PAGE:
The site of the Misqa (Il-Misqa: “the watering place”) is also known as the Misqa Tanks as it is a group of deep rock-cut water tanks. They are located at the top of a hill in Malta about 250 meters north-northwest of the Neolithic temples at Mnajdra and about 600 meters west-northwest of the Neolithic temples at Ħaġar Qim. their purpose was to collect and store rainwater, as water is scarce in this part of the island. They still work: If it has rained recently, you will find them full of water.
Since there is no organic or other material useful for dating to be found in a rock-cut water hole, no one knows for certain how long ago the Misqa Tanks were carved out. Due to their proximity to the temple sites, it has been speculated that they were in use at the same time as those Neolithic temples, but this is uncertain.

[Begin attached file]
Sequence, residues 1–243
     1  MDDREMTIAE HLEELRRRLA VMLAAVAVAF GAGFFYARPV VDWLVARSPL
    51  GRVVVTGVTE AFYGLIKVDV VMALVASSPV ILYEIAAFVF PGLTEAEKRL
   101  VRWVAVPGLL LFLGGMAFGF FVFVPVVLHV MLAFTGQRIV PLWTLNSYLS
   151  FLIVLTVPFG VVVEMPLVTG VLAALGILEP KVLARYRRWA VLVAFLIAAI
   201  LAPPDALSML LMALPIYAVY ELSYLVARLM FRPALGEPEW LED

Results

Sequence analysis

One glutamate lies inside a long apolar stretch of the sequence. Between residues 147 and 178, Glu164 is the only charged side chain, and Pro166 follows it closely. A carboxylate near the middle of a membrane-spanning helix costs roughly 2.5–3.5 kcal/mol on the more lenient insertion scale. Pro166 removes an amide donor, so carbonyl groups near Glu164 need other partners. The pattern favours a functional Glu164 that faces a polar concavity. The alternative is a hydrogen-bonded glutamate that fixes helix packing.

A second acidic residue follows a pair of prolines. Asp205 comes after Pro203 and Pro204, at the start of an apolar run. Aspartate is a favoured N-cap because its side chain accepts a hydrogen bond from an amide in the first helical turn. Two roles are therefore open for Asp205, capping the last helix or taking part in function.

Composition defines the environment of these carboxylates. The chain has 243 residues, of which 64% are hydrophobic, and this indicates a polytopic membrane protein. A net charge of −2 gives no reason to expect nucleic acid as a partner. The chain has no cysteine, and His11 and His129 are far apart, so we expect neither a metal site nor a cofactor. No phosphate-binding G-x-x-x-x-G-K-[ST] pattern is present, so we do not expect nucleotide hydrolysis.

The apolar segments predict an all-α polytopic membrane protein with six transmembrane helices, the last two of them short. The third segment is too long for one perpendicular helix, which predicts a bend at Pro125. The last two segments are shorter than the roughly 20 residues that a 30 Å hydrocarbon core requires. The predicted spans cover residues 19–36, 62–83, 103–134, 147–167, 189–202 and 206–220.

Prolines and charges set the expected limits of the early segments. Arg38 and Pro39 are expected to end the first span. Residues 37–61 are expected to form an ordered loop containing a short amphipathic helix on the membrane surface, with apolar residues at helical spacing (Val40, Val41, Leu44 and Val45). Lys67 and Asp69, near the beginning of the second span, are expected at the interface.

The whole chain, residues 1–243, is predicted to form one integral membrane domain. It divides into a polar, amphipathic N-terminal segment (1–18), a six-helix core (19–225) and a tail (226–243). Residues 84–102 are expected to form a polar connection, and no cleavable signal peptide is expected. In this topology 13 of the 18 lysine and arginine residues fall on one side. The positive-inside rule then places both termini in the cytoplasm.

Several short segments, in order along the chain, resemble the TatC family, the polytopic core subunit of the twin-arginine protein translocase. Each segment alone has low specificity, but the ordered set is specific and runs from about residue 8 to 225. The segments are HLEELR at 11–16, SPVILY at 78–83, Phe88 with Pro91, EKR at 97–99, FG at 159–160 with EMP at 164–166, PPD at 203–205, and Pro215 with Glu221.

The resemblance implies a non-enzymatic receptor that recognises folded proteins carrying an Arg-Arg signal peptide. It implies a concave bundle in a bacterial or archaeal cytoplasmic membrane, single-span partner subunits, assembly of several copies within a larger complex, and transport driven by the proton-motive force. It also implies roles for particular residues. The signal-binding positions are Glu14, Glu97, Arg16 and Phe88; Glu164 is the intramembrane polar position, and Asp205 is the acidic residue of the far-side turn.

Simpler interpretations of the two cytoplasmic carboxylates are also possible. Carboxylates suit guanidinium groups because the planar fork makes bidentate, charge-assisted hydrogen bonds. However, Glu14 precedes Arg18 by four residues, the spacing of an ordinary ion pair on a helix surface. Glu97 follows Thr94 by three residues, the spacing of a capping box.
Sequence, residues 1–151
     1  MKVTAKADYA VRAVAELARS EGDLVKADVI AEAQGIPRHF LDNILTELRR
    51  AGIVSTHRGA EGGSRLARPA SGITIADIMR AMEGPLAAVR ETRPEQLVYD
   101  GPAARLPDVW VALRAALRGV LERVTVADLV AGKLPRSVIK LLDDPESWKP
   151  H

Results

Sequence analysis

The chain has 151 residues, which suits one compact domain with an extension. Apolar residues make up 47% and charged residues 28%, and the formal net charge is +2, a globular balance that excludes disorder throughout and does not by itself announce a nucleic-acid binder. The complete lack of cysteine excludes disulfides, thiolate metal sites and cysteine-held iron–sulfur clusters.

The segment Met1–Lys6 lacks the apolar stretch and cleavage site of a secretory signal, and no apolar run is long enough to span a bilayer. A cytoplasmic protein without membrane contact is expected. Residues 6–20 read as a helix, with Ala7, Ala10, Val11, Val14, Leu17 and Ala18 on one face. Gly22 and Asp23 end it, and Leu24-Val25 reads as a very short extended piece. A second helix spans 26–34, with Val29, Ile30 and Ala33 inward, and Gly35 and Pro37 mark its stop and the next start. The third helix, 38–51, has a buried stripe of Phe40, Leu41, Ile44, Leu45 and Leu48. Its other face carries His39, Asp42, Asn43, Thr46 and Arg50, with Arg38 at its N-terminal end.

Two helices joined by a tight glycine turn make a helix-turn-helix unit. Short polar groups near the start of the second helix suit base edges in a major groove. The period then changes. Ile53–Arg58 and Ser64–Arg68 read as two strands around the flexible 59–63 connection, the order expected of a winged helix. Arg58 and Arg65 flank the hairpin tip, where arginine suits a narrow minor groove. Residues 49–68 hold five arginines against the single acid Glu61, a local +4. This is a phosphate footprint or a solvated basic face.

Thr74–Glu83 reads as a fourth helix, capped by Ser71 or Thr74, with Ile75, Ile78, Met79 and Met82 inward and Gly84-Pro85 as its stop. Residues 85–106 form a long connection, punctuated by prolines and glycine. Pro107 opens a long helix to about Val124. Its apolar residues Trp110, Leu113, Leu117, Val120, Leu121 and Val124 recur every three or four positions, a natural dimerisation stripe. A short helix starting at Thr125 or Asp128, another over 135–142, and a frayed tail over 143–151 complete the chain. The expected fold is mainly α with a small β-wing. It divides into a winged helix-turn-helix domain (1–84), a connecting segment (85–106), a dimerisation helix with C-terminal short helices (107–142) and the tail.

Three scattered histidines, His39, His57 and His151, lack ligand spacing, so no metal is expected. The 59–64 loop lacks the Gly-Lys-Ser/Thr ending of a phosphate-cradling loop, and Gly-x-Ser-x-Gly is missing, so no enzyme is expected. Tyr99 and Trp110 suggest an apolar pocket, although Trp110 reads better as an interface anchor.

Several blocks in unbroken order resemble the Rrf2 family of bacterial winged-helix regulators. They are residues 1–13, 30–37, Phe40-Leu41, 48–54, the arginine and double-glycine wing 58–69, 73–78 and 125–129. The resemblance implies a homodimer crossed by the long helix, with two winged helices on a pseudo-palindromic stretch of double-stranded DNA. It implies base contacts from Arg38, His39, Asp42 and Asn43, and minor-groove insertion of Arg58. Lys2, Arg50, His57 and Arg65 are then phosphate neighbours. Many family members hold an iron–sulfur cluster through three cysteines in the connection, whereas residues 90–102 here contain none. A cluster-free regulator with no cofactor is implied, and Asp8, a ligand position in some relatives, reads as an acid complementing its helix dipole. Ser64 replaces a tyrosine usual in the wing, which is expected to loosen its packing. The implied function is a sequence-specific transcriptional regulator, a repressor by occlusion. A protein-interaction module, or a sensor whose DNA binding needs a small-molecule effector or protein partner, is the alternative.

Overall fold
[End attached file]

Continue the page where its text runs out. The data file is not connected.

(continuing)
Looking at the flat rock surface of the hilltop, it is not immediately apparent that there are large, deep water tanks cut into it, especially if they are full. The openings are small compared to what lies beneath them. We visited the tanks on a day when they were filled to the brim with water, and glancing over the hilltop, they looked to be little more than puddles. It was only when we peered more closely into them that we saw they were much bigger than puddles, but since the visibility of the water was low, even then it was hard to fathom how deep they were.
Tips for the Visitor
The site is located inside the archaeological park where the temples at Mnajdra and Ħaġar Qim are found. However, unlike the temples, there is no fence or gate around the Misqa, so there are no opening hours, entrance fee, or ticket needed.
To get to the site after visiting the two temple sites, follow the hiking trail leading north from the Mnajdra site. There are quite a few trails, and it can be tricky to find the right paths, so we suggest using the Location Map below to make sure you don’t miss your turns. And when you get to the top of the hill, do be careful where you step — especially when the tanks are not full — as other than signs like the one in one of the photos above, there is no protection from falling into the openings. Needless to say, this is not a place for young children.